That’s not to say that a bias for action can’t be married to careful planning.
… more … “When You’re All at Sea is No Time to Remember the Anchor”
I’m going to indulge myself today and write about music.
What, exactly, does the bass player do in most bands?
Lead vocalist? Easy. Singer makes the song. Guitarists? Still easy. Guitars, whether they’re playing chords behind the singer, or playing a solo with its own melody, make sense to the average listener. Keyboards? Same thing. Chords, played rhythmically, or solos, are part and parcel of what we expect in modern music. Drums? They’re that driving beat or subtle accent. Anyone can see what drums do. (While I’m thinking of musician jokes: What do you call someone who’s always hanging around with musicians? Their drummer. Ba-dump-bump.)
But what about the guy or gal playing one note at a time on, well, another guitar, but with not-quite-enough strings?
Why does every band have a bass player?
… more … “How Many Bass Players Does It Take To Change A Light Bulb?”
Engaging in what might euphemistically be called a “lively” conversation often gets the better of me. Someone makes a statement I find patently ridiculous, and I feel the need to educate them.
As I’m writing, I can already envision their response, to which I’m already formulating my rebuttal.
My what? So, I’m already assuming they’re going to argue with me? Well, if that’s my attitude, it’s no wonder what I wrote garners an angry response.
… more … “You Can’t Hit What You Don’t Aim For”
We all have ’em, the voices in our head that tell us we’re not good enough, whatever words they use to say it. We’d all love to silence the voices.
But there’s still hope.
… more … “Don’t Silence the Voice in Your Head, Replace It”
Your brain is a battlefield. Two warring forces wage a constant struggle for dominance.
Okay, they’re more like a couple teenagers fighting over who gets the window seat on a long drive. Chances are, you keep giving the same kid the window seat.
And putting the other kid in the trunk.
… more … “The Balancing Act in Your Brain”
Isn’t it about time we put an end to karaoke? Bunch of amateurs.
Open mics, too.
Every year, 99.9% of high school marching bands are a waste of space. End them.
… more … “kill karaoke”
It has long been accepted among designers that serif fonts are for print and sans-serif for screens (and if you like, display type and headings.)
Alex Poole writes persuasively that this is balderdash; urban myth perpetuated by the ignorant.
I’m going to find a beautiful sans-serif font and use it for the print version of my next mystery.
I already use serif fonts on many of the websites I’ve designed.
So far, nobody’s died from it.
Some months ago the Megan Elizabeth Morris of Upmarket approached me about writing an article about gratitude — always a worthy subject, and certainly connected to finding why. It was the November issue of another Squidoo magazine, connected inextricably to Thanksgiving.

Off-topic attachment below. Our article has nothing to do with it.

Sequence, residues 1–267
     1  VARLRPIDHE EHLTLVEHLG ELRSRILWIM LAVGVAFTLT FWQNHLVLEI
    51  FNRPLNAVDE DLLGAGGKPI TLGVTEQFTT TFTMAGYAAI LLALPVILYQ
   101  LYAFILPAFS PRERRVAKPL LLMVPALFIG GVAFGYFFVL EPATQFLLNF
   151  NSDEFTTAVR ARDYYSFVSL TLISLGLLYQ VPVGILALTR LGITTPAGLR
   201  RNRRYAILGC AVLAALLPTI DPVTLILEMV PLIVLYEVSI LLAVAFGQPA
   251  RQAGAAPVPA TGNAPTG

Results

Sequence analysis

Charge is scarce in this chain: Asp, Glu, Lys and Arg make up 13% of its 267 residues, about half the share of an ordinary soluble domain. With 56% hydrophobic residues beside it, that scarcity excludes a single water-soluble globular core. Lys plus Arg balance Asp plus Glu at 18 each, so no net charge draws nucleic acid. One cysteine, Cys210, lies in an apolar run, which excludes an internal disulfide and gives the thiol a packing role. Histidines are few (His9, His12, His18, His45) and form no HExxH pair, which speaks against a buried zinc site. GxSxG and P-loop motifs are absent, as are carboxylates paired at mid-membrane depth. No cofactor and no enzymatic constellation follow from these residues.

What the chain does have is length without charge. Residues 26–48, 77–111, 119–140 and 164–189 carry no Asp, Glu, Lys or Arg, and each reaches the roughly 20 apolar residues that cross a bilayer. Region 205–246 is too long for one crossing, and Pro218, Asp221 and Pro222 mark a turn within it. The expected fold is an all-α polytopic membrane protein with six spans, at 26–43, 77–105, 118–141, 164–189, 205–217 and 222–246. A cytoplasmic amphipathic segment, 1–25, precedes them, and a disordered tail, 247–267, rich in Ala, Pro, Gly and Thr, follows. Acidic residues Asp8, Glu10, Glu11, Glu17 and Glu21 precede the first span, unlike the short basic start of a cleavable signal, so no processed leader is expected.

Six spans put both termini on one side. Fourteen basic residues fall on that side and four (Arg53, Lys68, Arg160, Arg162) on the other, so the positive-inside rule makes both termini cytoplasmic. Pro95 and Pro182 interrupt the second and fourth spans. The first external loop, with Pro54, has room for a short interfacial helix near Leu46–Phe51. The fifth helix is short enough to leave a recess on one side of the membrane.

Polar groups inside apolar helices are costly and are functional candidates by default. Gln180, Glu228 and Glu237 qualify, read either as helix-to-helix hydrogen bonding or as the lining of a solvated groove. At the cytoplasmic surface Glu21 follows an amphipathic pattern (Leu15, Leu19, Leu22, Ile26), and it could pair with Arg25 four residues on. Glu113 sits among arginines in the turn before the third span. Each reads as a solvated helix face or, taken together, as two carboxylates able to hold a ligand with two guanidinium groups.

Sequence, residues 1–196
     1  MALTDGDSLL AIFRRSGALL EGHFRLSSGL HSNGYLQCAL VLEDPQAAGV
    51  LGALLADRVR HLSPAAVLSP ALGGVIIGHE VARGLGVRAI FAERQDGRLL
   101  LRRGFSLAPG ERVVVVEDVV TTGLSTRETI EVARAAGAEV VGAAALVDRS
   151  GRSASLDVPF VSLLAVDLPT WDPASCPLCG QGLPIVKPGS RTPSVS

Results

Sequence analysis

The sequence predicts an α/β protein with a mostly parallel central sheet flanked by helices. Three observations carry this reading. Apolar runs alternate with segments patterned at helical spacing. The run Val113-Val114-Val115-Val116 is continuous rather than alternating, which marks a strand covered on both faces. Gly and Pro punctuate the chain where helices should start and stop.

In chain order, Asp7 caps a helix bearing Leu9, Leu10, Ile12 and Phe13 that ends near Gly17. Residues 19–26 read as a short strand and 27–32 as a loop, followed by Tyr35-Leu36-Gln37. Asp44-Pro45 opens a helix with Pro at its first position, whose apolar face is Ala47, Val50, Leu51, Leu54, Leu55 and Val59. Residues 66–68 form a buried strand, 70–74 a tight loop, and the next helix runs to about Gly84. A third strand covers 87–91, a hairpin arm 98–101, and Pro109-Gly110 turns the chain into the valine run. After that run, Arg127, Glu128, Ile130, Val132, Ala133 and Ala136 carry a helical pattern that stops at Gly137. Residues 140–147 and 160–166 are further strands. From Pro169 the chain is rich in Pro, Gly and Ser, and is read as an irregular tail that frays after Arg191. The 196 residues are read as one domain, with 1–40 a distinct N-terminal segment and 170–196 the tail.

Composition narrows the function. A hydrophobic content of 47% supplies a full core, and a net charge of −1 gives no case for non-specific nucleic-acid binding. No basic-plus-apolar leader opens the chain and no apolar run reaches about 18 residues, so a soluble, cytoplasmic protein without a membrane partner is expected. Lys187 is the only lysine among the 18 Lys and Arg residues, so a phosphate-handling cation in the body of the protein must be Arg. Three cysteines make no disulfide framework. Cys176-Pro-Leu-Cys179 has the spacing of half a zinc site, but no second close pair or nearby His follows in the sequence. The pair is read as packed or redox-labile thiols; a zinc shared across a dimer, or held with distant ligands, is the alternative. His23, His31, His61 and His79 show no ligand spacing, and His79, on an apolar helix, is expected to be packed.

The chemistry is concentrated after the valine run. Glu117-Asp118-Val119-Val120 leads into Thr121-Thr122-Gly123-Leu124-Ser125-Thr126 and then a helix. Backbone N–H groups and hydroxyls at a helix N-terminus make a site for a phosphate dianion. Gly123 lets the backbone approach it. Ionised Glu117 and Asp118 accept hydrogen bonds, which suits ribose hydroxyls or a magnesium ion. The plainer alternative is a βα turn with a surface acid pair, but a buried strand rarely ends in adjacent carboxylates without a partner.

Why I didn’t write that article is the point of this one.
… more … “Primed for Icebergs”
Fiction author Edgar Rice Burroughs was a prolific writer, publishing nearly 70 novels in his 75 years. Burroughs was the creator of Tarzan, a much better series of books than the video representations and popular culture would lead you to believe. He also wrote the story of John Carter of Mars which is finally coming out of the obscurity it never deserved. He wrote seven different science fiction adventure series besides numerous western and historical fictions. His work revels in experimentation, with the question, “What if things were very different from what we believe them to be?”
… more … “Time is . . . Memory?”
I am a professional.
A professional gets up in the morning.
A professional takes care of their health.
A professional occasionally calls in sick, but only when they can’t or shouldn’t work.
A professional does something productive every day, whether it’s the work, or the stuff around the work.
A professional puts in real time, not just spare minutes here and there.
A professional cares enough to focus instead of seeking out distractions.
A professional knows when to knock off for the day, and when to put in long hours.
A professional gets paid fairly for their work.
A professional is proud of their work but continues to learn their craft.
A professional doesn’t have to be a teacher, but does have to be a doer.
A professional knows sometimes work feels like play.
A professional doesn’t play while pretending it’s work.
A professional might have more than one job but has only one vocation.
I am a professional.